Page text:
A Castle fit for Queens

Seeing the Château de Chenonceau has to rank right up there as one of the great moments we will spend in the Loire Valley.

Not only is this château beautiful, it comes with stories of love, revenge, bereavement, literary history, and renewal.

It was originally built in the early part of the 16th century on the site of a previous castle. All but the keep, which still remains in front of the current castle, was demolished. It found its way into the hands of Francois I, who used it as a hunting lodge.

When Henri II came to the throne in 1547, he gave it to his mistress, the famous Diane de Poitiers. She knew just what to do with it, molding it to her taste, and humiliating the Queen, Catherine de Médici, as often as possible in the process. Ah, but fate had her way. When Henri died, Catherine, now regent, had her revenge. She made Diana give up the home she loved, and Catherine moved right in. See how Diana had cleverly combined the H and C initials of the king and queen to form her own monogram, a “D.” Catherine was not pleased, and had most of those changed, but she seems to have missed a few.

On the bridge that Diana had built into the River Cher, Catherine added a two-story gallery and held spectacular feasts for dignitaries such as Francois II and Mary Stuart, and one for Charles IX. Notice the English graffiti Mary’s guards carved into the walls of the chapel in 1543.

While nothing original remains, the current owners are carefully refurbishing the castle in period furniture and textiles. Everything is lovely, including the fresh flowers they install every day in the main rooms. (Can I just have a few pieces of the copper in the kitchen?)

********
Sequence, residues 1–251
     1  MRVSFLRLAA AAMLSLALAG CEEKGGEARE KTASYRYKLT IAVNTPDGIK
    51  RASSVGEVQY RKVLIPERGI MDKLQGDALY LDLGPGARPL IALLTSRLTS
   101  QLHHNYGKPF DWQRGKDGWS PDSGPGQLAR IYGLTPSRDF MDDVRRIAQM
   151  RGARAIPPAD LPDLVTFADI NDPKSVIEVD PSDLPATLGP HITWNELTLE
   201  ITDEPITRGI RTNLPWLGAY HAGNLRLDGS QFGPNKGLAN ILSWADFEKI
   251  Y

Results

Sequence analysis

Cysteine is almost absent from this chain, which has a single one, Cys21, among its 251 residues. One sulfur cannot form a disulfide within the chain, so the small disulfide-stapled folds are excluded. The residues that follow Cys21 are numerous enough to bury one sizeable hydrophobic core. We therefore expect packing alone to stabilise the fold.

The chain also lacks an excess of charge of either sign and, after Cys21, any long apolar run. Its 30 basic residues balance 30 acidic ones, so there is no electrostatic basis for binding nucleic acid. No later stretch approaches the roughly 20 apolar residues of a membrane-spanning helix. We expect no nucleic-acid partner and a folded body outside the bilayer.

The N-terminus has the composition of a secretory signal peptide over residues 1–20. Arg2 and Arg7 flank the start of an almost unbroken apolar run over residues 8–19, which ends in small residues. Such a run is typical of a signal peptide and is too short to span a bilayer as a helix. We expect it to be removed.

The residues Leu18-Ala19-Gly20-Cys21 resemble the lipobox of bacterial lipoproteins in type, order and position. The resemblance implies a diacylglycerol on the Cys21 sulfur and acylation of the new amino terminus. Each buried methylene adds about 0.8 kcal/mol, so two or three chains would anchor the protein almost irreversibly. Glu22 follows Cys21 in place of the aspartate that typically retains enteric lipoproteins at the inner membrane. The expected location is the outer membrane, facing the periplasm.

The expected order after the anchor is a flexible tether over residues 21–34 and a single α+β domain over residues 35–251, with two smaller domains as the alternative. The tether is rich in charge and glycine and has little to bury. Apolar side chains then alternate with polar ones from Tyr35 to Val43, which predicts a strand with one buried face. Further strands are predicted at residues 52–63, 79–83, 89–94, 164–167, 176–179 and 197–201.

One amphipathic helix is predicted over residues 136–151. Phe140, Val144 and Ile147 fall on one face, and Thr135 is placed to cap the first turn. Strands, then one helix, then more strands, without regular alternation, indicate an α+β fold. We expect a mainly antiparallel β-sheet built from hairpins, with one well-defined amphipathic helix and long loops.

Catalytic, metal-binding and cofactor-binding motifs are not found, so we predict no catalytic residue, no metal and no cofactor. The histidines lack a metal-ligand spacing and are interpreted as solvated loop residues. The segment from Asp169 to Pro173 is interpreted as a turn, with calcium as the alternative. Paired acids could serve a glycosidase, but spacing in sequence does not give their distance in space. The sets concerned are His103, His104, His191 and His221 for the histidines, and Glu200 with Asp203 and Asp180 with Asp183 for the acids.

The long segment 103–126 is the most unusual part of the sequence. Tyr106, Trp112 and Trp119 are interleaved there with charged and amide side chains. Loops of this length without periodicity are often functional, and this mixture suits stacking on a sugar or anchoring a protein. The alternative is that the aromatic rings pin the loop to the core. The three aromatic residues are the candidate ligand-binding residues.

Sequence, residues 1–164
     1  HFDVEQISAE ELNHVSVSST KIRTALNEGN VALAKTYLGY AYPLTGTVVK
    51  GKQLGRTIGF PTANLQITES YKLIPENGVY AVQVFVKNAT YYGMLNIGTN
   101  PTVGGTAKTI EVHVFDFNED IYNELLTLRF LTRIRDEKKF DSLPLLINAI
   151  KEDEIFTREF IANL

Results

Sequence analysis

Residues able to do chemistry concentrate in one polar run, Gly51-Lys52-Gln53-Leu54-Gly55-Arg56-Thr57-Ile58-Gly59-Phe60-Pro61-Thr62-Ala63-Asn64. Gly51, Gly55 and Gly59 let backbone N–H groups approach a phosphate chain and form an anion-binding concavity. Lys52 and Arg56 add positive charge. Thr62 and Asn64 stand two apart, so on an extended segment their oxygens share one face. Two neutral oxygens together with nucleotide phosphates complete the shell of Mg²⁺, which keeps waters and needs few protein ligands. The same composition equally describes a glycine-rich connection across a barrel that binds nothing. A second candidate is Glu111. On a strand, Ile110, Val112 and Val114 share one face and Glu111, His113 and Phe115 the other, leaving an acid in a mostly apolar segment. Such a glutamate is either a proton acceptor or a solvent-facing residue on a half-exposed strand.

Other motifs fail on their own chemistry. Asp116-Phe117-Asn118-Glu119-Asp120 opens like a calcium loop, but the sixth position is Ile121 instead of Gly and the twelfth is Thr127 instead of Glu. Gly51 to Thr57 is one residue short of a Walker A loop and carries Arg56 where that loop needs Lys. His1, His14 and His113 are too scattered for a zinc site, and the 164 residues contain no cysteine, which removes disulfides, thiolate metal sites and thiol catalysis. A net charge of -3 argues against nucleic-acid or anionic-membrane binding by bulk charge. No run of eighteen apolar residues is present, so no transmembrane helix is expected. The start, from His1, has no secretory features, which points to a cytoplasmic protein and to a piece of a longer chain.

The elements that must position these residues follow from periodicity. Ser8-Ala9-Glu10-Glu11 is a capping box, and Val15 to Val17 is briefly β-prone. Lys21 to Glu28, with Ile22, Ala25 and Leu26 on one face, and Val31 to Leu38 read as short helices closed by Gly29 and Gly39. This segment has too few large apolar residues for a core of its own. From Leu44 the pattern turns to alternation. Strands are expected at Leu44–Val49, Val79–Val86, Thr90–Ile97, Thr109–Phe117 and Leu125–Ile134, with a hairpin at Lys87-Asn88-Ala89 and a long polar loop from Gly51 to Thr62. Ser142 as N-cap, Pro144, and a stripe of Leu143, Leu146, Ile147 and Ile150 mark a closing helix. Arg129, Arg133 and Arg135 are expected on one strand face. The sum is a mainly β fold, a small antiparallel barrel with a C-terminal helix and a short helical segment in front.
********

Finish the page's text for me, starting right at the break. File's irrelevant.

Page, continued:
Other notable women and too many queens to recount owned the château, including Louise de Lorraine, daughter-in-law of Catherine, and Madame Dupin, who held quite the literary salon. Rousseau was her son’s tutor, and he wrote of his love for Chenonceau. Her descendants include George Sand.

The château has always been a favorite of artists. See the bridge without its galleries in early engravings.

 

As you leave the castle, the gardens of Diana are on the right, and those of Catherine on the left. Each has lovely view of the entire château. The galleries on the bridge are elegant outside and in, and have an interesting role in modern history.

We are traveling – and living – on the dividing line between “Free” France and Occupied France, as defined by the Germans during the last world war. As Chenonceau straddles the river which was the line of demarcation, it lived in both camps. They say that the superintendent of the house was able to sneak people through the galleries at night to exit out of the back and leave German control. The story of Vichy France is well-known, of course, and it is interesting to hear and see remnants of its effect while we travel.

Another day, another castle…

 

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